Junkyard Find: 2001 Pontiac Sunfire

Murilee Martin
by Murilee Martin
junkyard find 2001 pontiac sunfire

The GM J Platform, best known for being the basis of the Chevrolet Cavalier, was built for a full quarter-century before being axed in 2005. The last J-Body Pontiac of them all was the Sunfire, a Cavalier sibling. Here’s an ’01 with a racy-looking hood scoop I recently spotted in a San Francisco Bay Area self-service yard.

The engine was gone, but I checked the VIN and learned that this car came from the factory with the 2.2-liter version of the “122” engine that powered J-bodies starting all the way back in 1982. 115 horses plus the added 50 generated by the hood scoop. Naturally, the car has an automatic transmission.

A U.C. Davis parking sticker plus several decals representing 1990s California pop-punk bands (e.g., Blink-182, Green Day) tells us something about this car’s final owner. This Sunfire made it to age 15, which is not bad for a J-Body. These cars tended to lead hard lives.

Just the car for escaping your boy-toy’s enraged mother. The remote door locks enable a quick getaway.

To you, it’s a traffic light. To the Sunfire driver, it’s a root canal.

The panic button seemed pretty futuristic back then.

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  • R129 R129 on Dec 28, 2016

    Weren't these particularly popular in Canada?

    • Maymar Maymar on Dec 28, 2016

      Yes, on account of the relatively strong Pontiac-Buick-GMC network GM Canada had built up, and that network's rather strong influence on ensuring they always had cheap cars to compete with the Chevy dealer up the road.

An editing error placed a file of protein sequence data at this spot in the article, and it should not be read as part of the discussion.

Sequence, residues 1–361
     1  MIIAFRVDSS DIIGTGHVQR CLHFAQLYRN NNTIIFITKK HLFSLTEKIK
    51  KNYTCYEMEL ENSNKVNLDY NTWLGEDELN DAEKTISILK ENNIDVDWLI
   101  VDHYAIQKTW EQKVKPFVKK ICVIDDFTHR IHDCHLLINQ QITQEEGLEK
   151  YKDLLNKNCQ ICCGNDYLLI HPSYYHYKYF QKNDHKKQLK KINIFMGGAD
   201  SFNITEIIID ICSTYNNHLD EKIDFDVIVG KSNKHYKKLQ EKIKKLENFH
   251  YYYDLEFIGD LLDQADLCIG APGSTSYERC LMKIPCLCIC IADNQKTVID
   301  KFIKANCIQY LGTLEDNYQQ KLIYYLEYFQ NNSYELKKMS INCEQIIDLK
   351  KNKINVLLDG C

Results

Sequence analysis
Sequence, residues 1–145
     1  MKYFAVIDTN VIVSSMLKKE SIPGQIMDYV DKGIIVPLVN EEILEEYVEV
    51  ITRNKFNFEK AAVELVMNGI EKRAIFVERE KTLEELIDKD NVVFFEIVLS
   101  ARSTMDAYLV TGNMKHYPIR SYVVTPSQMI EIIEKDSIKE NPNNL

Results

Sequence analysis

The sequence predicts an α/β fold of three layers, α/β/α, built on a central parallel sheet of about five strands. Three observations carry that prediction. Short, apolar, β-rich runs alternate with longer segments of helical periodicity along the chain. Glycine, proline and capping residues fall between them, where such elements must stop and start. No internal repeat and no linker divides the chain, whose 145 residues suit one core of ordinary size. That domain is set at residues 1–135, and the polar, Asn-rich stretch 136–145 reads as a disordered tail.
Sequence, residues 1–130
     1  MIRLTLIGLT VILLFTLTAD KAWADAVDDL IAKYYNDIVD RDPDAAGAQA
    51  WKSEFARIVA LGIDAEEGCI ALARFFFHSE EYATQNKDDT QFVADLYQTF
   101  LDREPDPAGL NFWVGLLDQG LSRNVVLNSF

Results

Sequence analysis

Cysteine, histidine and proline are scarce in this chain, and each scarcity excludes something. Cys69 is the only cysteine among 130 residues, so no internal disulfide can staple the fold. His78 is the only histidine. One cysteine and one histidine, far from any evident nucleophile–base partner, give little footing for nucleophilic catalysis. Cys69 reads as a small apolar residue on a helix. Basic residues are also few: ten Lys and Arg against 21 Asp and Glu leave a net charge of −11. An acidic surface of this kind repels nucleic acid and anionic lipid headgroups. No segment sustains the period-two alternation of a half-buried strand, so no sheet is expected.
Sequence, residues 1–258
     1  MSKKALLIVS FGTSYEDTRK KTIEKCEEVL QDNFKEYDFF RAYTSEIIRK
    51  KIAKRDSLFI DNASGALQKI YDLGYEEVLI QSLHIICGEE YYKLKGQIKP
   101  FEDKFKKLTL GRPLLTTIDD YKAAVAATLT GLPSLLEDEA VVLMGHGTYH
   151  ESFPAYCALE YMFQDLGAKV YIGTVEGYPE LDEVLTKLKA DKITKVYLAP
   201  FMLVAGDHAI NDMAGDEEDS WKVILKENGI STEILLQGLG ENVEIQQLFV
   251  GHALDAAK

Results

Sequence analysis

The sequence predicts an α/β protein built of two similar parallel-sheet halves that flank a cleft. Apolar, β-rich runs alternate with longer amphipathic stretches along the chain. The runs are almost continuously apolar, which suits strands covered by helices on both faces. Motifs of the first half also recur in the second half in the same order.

• JREwing JREwing on Jan 09, 2017

    By the time 2002 came about, it got the L61 Ecotec 2.2L 4-cyl and 4-speed automatic. In the rental Cavalier I drove it in, it was pretty enthusiastic - so much so that I got nabbed for an 85 in a 60 on I-55 on the west side of Lake Pontchartrain. It didn't hurt that it had 10 hp and 20 lb-ft of torque extra over my 2002 Focus. It didn't hurt that there was nothing substantial to the Cavalier. The far-more substantial Cobalt I later purchased with the same engine (and a stick!) never quite had this Cavalier's enthusiasm; more car to haul around. Typical of GM, the engine/transmission were winners, but the rest of the car actively mocked your financial sense in purchasing it. My 2002 Focus was a much nicer car despite the less-energetic engine.

  • Kat Laneaux Wonder if they will be able to be hacked into (the license plates) and then you get pulled over for invalid license plates or better yet, someone steal your car and transpose numbers to show that they are the owners. Just a food for thought.
  • Tassos Government cheese for millionaires, while idiot Joe biden adds trillions to the debt.What a country (IT ONCE WAS!)
  • Tassos screw the fat cat incompetents. Let them rot. No deal.
  • MaintenanceCosts I think if there's one thing we can be sure of given Toyota's recent decisions it's that the strongest version of the next Camry will be a hybrid. Sadly, the buttery V6 is toast.A Camry with the Highlander/Sienna PSD powertrain would be basically competitive in the sedan market, with the slow death of V6 and big-turbo options. But for whatever reason it seems like that powertrain is capacity challenged. Not sure why, as there's nothing exotic in it.A Camry with the Hybrid Max powertrain would be bonkers, easily the fastest thing in segment. It would likewise be easy to build; again, there's nothing exotic in the Hybrid Max powertrain. (And Hybrid Max products don't seem to be all that constrained, so far.)
  • Analoggrotto The readers of TTAC deserve better than a bunch of Kia shills posing as journalists.